[0068] The plot in FIG. 3B perhaps better illustrates the significance of the above numbers for the present invention. Similar to FIG. 3A, this figure again plots on the vertical axis the CoSi2 transition temperature for three thicknesses of cobalt (8 nm, 11 nm, 14 nm) for a layer of SiGe in the ratio of 80% Si to 20% Ge. In constrast to FIG. 3A, the horizontal axis is now based on the ratio of Si to Co thickness.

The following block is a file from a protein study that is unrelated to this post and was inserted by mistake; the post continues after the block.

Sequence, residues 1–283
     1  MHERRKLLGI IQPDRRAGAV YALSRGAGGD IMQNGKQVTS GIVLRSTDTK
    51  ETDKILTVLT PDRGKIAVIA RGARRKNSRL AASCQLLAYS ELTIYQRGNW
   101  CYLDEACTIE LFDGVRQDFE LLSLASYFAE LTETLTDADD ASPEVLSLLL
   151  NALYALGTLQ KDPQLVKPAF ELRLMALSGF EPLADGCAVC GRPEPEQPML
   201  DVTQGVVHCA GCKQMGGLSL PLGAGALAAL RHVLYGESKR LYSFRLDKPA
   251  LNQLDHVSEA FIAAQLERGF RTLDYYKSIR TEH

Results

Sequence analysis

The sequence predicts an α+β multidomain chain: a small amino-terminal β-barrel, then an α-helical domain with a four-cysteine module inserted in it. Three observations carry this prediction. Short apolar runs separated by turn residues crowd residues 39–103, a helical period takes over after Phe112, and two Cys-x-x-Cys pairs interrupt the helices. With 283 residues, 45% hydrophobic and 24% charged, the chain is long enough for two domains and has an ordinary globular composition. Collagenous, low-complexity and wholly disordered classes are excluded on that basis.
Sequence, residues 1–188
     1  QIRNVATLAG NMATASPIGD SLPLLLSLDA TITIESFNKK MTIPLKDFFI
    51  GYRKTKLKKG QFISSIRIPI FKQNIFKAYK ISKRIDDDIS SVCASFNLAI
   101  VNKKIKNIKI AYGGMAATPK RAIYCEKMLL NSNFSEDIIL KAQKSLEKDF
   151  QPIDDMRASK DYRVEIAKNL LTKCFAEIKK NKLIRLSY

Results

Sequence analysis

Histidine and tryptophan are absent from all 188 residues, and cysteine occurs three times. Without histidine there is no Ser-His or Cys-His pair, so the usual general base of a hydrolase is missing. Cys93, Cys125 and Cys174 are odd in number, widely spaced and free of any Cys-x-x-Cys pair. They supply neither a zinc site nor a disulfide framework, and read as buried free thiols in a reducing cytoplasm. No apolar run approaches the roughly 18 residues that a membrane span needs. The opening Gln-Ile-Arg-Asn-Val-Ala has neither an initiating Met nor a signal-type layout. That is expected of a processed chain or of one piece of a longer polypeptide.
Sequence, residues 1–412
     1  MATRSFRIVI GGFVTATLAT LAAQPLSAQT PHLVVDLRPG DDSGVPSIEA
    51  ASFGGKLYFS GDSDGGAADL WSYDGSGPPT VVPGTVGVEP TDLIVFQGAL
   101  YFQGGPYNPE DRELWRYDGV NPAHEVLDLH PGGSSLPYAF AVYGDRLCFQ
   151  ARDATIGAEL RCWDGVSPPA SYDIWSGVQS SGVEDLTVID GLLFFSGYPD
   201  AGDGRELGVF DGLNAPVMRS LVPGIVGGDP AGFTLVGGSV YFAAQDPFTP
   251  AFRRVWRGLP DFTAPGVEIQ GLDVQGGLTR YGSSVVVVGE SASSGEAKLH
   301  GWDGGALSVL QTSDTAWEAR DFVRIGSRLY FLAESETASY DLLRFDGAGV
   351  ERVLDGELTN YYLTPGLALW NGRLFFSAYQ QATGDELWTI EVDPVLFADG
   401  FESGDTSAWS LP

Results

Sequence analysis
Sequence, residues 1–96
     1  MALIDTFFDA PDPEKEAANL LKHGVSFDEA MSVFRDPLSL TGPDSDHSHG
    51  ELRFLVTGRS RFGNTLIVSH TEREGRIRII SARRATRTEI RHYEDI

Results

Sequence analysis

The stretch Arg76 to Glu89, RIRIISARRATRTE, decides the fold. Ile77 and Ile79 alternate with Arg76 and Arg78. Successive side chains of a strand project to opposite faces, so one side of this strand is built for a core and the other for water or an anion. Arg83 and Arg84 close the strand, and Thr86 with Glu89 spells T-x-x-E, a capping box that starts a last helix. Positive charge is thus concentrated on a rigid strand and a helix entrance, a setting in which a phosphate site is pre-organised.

[0069] In FIG. 3B, the low temperature CoSi2 transition 31 and upper temperature CoSi2 transition 32 are again visible. It should be noted that FIG. 3B shows that the upper transition 32 is a bit more variable than the lower transition 31, when viewed as a function of the thickness of the cobalt layer. The significance of the thickness ratio of tSi/tCo becomes more visible in FIG. 3B. As earlier mentioned, the dual CoSi2 formation temperatures 31, 32 are found only in the intermediate ratios, that is, above the lower ratio threshold 33 (theoretically, where the ratio is 1.83) in which the silicon interlayer is entirely converted into CoSi and the upper threshold 34 (theoretically, a ratio of 3.66) in which the interlayer silicon has been entirely converted into CoSi2. Since the desired structure at the SiGe interface involves CoSi2 rather than CoSi, it should be obvious that one would prefer a ratio above the lower threshold 33, as was shown in FIG. 1E.